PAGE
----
she's your cocaine. (kohlrimmedeye) wrote in fanfic100,
she's your cocaine.

House M.D Chase/Wilson 065. Passing

Title: Kind Words and a Loaded Gun
Fandom: House MD
Characters: Wilson, House, Foreman, Cameron, Cuddy
Prompt: 065. Passing
Word Count: 1207
Rating: PG-15
Summary: Chase/Wilson Death fic- but with a twist. Essentially, how the characters react after Chase commits suicide. It's incredibly insensitive and I've tried to give it a sort of black humour thing.
Author's Notes: The strangest, possibly cruelest thing I've ever written. It's surprisingly flippant, given the subject matter. I would not actually be this flippant if Chase died in canon. Hell, I cried enough when Stacy kissed House. Anyway, if this makes you uncomfortable the way it made me, um, sorry. And I apologise to anyone this offends. Just in case.

Tumbling towards unclear destinations, do they wash away the pain, the wind and the searing rains, as our powers interchange… Oh God, can you tell us when it’s going to stop- maybe it’s not just down to you…
Jamie Cullum

Cuddy puts House into therapy because everyone’s convinced he mentally tortured Chase into committing suicide anyway. She puts Wilson in just in case he decides to follow his now rather dead sort-of lover into the afterlife. Then she puts in Foreman for never being supportive towards his colleague (and therefore possibly being mentally unstable), and Cameron for being far too supportive (and therefore definitely being mentally unstable).

House sits and stares at the psychiatrist in utter silence for seven two-hour sessions before deigning to speak (“You know what I like about you? Fuck all.”). Foreman looks at his hands and mumbles brief fragments of a life that might not have been as stable as he pretends it was (so House then goes and tries to steal the files so he can tease the hell out of him, and also because he needs to know these things). Cameron sobs her heart out and spills all the lonely evenings with a dying husband and no idea what to do next (and then the rumour goes around that the psychiatrist wants to admit her to a mental home, because House gets incredibly bored sometimes. All the time). Wilson doesn’t go. He points out to Cuddy that he and Chase were hardly star-crossed lovers, there is no need for a suicide watch, and yes; he’s fine. Really.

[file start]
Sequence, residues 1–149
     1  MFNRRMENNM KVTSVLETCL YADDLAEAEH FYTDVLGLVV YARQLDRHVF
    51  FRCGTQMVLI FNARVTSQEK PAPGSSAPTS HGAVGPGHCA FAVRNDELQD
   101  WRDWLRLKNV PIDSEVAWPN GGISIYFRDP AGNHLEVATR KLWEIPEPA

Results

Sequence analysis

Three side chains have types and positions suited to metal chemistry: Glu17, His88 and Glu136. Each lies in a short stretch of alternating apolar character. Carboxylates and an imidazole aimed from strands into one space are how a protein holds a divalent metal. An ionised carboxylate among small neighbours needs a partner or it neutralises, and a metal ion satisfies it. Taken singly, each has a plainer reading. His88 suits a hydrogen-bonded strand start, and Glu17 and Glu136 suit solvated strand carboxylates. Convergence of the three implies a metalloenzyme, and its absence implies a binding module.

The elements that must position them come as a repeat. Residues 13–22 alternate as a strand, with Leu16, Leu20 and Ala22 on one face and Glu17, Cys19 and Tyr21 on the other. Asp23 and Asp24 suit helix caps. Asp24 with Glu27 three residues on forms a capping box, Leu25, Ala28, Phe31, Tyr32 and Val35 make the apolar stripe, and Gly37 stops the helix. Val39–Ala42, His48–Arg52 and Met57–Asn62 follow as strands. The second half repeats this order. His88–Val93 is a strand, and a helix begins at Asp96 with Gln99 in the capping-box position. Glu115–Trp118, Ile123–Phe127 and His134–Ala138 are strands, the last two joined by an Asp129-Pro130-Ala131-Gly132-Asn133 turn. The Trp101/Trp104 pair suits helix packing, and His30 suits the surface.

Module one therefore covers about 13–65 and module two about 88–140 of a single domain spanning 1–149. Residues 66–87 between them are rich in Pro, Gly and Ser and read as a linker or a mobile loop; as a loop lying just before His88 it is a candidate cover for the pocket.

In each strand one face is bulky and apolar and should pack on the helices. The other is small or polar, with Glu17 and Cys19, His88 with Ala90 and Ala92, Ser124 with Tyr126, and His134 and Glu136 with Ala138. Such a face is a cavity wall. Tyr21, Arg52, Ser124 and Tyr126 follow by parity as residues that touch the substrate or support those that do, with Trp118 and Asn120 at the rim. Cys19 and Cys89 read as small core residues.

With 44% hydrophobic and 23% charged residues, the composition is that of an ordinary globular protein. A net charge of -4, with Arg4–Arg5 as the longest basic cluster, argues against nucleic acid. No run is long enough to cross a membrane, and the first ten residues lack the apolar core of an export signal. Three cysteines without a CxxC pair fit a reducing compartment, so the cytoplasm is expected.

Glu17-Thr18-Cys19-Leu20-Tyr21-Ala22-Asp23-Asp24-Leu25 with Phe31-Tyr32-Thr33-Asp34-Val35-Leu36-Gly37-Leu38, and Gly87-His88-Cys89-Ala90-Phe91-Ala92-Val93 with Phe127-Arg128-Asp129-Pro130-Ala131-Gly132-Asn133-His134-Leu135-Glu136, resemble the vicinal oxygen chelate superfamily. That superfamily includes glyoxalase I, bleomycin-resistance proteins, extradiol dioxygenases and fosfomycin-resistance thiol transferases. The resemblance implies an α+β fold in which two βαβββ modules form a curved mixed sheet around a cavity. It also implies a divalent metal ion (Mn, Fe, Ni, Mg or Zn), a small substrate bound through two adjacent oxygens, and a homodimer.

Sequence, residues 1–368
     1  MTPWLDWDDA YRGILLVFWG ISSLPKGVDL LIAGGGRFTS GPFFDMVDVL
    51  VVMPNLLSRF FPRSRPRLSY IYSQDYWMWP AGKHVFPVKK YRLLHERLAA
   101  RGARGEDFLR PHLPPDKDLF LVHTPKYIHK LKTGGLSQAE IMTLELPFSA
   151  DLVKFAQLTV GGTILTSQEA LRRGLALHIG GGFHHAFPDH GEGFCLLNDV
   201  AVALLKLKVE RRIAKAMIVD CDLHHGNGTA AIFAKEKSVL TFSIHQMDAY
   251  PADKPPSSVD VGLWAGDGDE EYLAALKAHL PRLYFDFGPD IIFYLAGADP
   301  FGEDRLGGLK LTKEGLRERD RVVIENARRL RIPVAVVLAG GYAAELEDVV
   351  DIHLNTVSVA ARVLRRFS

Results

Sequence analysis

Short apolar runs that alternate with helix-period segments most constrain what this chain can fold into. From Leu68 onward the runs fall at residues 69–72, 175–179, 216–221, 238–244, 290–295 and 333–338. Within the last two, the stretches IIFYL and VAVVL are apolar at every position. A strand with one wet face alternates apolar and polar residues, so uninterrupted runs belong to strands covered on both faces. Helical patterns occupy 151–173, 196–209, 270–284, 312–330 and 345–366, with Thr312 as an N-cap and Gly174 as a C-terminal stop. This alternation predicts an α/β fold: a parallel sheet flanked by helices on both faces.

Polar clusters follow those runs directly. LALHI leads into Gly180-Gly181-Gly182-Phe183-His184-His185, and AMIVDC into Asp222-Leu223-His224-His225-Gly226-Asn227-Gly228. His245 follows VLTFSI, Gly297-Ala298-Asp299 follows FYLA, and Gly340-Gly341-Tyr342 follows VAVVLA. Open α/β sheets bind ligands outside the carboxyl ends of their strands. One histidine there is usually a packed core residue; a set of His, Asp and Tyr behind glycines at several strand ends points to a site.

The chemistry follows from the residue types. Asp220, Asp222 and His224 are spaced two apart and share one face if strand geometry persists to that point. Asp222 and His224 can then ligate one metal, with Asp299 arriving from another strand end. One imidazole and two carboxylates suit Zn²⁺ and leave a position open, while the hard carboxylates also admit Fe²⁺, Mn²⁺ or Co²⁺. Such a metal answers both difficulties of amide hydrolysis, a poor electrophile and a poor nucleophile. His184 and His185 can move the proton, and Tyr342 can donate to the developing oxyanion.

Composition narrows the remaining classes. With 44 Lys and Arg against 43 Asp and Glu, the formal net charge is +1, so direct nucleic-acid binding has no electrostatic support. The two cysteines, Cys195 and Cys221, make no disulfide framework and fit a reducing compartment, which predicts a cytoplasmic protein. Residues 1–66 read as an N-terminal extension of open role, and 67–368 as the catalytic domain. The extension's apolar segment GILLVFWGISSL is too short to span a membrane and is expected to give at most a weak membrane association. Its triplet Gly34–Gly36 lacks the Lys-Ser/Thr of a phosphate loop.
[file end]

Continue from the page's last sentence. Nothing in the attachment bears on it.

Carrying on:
It’s a sentiment he has to pass on to dozens of people a day, telling them that it doesn’t matter, that he’s all right, why don’t you try talking to Dr Cameron (“That was cruel Jimmy,” House tells him, “Cameron has to stop crying for at least ten minutes a day or she’ll completely dehydrate”). Maybe he is all right because the whole world seems to bright, too steady, and he doesn’t feel guilty; but he doesn’t feel anything much at all.